You’re in your cubicle. The local radio station distracts you with 4/4 beats, and a DJ whispering sweet nothings through the airwaves. In other cubicles, co-workers bide their time, waiting for the time when they can clock out and meander to the local lowbrow lounge and drink away the pent up energy accumulated from a long day sitting on their asses. Beyond that, they’re looking forward to payday.
When you’re at work, you’re not that stoked. You answer emails in between a sojourn through the land of Facebook or Reddit (maybe your cat photos are going to make it to the front page). You’re waiting for two days each month: payday, the first and fifteenth.
They don’t come soon enough, and in between it’s a grueling wait. You’re just waiting to get paid, a simple deposit in your bank account or a cheque. It works well enough. You wait for that day, so you may buy new clothing or even just to pay rent. God forbid you don’t get paid. You got kids to feed! (or, less pressing, some marijuana or alcohol to buy)
What does blockchain have to do with all of this?
“Blockchain” refers a distributed ledger, championed by some financial technologists as a great means of transmitting data, and theoreticians today have speculated that the decentralized digital currencies of today’s internet- such as Bitcoin – are in many ways just certain types of data. What Bitcoin does best is transmit value in the form of data across borders, between whomever, quickly and seamlessly. This means payments have never been easier. Thus, payday can be made easier, also. Hell, why not make every day payday?
Many early Bitcoiners claimed they were looking to aid the world by helping build the online creation community known as Bitcoin. In fact, Bitcoin has made many people’s lives easier. In the early days of Bitcoin, one of the most popular Bitcoin projects was from the world of remittances. That in and of itself is a testament to what Bitcoin can do.
So, now, you’re in the age of the blockchain and you’re sitting at work reading through cat memes, and all of the sudden new technology undermines ADP (or is adopted by ADP) and makes it so that workers can receive wages in real-time.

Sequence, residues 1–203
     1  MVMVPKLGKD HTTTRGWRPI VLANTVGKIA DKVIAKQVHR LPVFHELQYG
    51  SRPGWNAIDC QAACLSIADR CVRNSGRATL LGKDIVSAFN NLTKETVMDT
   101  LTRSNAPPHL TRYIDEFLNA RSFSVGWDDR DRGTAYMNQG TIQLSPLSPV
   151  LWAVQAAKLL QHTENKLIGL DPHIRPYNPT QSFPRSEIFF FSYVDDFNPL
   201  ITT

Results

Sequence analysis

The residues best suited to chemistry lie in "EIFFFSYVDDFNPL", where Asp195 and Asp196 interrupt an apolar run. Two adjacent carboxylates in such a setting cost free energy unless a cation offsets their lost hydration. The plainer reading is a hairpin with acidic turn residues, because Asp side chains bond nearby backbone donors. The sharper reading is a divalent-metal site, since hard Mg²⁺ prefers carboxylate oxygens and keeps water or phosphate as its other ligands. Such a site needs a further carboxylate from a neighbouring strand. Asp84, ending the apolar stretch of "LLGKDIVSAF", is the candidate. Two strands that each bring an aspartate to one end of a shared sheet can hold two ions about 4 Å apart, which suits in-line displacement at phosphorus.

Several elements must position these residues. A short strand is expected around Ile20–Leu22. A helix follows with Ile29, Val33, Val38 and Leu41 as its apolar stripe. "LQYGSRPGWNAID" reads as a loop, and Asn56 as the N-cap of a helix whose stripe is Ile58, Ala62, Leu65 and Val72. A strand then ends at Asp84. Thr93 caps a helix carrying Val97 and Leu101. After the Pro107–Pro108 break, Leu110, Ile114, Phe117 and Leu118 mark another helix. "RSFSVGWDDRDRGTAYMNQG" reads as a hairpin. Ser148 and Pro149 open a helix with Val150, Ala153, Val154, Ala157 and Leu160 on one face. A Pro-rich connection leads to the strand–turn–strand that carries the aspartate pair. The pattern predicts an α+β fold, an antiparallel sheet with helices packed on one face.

Let’s do a thought experiment.
Let’s say your boss comes to you and he’s contracted with a new payroll technology company and one of their options is to pay every hour or every day, thanks to blockchain technology. So henceforth, your boss (who you think is actually kind of an asshole) informs you, you’ll be receiving your paycheck daily in the form of a digital token pegged to the currency of your choice. Now, you love him. Since you got bills to pay, you peg it to the currency of the national market system where you live.
Now, depending on what sort of technology evolves, there’s numerous means in which you could make payable that pegged asset. You could, down to the dollar, allocate it to as many different value options as you’d like: airline miles with incentives, prepaid accounts, Bitcoin or even just send it to your mainstream financial institution as, potentially, an ACH. Or, perhaps, the blockchain technology allows you to get paid hourly or daily as a plugin to your bank, so you can clear transactions immediately in 24 hours. Certain Bitcoin technology features mean that, getting paid on the hour is unlikely with that system, but there’s reason to experiment upon a system tuned to this use-case could evolve over time.
When you get paid once a week, once every two weeks or even once a month, you’re essentially making a loan to your employer sans interest. This new blockchain model – where workers are paid immediately upon finishing project or a pre-agreed upon amount of time – will inspire workers to work harder, since they are now potentially further excited by the hourly funds. There’s no doubt those enterprises which adapt the fairest payment terms in regards to new technologies abetting the example above could stand to gain the most qualified workers.
There are already some blockchain companies working in the payroll space, like BitWage.
Featured image from Shutterstock.
Last modified: May 21, 2020 10:31 AM UTC